One idea that has become increasingly popular in the last several years is that doing puzzles like crosswords or sudoku can slow or prevent memory loss. However, a recent study indicates that may not be the case.
In a study of Scottish residents over the course of 15 years, researchers found completing “brain exercises” in later life don’t necessarily protect you from mental decline.
The study indicated that people who do these activities throughout their life had better cognitive abilities than those who didn’t. Still, this doesn’t mean your mental capabilities will deteriorate more slowly than people who do not do puzzles.
Rather, people who do brain teasers may experience higher cognitive function throughout life. Cognitive function includes different mental abilities like thinking, learning, remembering, reasoning, problem solving, and decision making.
What does this mean for you in later life? The research suggests everyone experiences mental decline whether you do puzzles or not. However, people who do puzzles may retain more of those abilities. So, if you’re into crosswords now, the intellectual engagement of puzzle solving could mean a higher cognitive performance in later life. You may simply begin to decline from a higher point of cognitive function.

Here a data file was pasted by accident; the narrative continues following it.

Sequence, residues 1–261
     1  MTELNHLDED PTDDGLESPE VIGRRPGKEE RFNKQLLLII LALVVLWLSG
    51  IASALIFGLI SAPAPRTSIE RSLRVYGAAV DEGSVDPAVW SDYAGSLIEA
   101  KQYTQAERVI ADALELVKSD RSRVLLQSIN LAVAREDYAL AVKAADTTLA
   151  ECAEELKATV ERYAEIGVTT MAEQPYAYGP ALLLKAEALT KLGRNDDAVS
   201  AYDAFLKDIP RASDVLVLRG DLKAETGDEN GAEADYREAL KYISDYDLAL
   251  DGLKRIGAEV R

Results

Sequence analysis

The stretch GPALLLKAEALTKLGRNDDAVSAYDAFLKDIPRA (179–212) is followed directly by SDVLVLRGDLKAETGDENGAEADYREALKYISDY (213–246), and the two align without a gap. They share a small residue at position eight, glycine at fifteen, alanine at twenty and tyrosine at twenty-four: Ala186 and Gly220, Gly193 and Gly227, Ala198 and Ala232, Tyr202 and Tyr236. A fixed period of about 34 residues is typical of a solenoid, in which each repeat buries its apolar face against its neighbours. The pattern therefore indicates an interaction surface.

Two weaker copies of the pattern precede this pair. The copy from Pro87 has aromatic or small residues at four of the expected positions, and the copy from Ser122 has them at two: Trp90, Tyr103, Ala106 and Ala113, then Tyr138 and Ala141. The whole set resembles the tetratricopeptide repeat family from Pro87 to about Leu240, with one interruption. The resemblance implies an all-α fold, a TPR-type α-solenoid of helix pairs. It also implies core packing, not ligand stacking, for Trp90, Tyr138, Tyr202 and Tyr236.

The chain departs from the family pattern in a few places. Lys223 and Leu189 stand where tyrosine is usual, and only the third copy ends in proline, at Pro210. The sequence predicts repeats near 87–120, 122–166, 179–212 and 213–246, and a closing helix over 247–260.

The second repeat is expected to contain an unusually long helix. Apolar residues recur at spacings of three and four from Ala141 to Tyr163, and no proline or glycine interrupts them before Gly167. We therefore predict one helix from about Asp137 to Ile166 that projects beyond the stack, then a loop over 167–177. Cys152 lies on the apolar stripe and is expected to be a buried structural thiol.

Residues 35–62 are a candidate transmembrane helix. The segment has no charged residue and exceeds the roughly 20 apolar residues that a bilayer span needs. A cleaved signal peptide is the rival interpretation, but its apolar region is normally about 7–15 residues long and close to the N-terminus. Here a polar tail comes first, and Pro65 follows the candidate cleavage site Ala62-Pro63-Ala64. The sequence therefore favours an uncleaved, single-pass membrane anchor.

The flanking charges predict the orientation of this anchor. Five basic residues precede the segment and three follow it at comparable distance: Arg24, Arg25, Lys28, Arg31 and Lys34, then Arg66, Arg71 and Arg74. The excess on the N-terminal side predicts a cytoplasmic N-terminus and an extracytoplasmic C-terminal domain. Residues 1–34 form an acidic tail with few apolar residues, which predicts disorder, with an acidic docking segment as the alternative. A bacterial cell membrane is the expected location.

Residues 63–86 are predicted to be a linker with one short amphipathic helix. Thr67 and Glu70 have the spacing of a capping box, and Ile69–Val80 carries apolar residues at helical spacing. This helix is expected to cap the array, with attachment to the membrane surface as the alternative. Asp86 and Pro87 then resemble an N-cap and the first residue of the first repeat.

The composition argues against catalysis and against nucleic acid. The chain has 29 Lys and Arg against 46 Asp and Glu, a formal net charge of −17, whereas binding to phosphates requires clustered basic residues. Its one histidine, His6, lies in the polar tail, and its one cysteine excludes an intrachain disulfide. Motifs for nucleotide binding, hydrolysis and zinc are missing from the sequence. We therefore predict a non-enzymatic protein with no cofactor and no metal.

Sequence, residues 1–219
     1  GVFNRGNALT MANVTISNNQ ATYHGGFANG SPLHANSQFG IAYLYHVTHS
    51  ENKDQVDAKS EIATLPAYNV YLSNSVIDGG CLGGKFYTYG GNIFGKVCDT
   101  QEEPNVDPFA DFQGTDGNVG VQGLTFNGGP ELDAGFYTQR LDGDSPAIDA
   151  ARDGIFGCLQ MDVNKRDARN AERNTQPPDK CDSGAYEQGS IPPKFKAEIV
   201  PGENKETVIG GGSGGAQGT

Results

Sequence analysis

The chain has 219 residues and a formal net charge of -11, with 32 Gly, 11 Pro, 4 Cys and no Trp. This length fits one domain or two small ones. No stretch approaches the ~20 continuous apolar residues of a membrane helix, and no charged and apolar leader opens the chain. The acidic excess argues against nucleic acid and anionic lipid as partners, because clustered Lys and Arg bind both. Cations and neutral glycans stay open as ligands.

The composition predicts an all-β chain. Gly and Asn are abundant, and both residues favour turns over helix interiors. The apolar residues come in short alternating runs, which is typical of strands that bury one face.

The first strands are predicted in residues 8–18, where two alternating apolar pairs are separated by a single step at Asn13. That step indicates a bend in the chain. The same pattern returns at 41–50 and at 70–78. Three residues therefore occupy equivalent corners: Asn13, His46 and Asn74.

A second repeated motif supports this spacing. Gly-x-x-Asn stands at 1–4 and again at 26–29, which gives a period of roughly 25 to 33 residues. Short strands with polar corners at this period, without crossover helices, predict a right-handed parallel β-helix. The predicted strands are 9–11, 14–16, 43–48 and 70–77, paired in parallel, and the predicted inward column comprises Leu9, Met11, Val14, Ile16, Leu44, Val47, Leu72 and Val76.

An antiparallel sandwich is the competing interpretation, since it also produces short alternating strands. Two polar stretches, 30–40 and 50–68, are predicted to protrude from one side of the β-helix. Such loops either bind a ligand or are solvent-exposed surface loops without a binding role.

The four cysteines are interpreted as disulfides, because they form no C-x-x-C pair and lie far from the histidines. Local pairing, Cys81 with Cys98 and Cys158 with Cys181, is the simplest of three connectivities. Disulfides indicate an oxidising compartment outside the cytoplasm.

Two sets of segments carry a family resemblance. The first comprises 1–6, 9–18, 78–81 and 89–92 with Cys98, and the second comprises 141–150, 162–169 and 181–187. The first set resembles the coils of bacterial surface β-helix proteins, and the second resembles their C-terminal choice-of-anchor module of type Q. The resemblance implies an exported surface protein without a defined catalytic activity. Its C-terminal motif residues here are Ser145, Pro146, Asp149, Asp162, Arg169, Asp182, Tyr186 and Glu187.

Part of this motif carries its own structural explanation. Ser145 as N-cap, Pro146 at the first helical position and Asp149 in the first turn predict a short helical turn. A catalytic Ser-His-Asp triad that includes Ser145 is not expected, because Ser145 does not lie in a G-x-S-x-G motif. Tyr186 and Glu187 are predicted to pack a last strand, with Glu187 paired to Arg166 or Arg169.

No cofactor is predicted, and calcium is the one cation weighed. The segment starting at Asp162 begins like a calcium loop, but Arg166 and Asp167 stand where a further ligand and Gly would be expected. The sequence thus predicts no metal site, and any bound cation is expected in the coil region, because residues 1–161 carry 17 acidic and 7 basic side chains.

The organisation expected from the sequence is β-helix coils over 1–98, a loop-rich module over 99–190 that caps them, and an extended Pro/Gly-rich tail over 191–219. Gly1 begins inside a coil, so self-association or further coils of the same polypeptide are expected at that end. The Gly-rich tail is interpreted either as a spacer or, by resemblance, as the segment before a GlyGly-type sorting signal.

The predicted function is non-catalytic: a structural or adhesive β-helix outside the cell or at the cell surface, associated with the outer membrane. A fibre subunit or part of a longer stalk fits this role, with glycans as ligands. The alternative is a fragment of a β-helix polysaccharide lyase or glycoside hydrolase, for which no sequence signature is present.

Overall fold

Previously, researchers thought cognitive abilities were like muscles—you either use them or you lose them. This new research could contradicts the “use it or lose it” idea.
What this study really brings to light is just how little we really know about the human brain. Still, even though puzzles may not have all the brain-boosting benefits we think they do, they are still fun!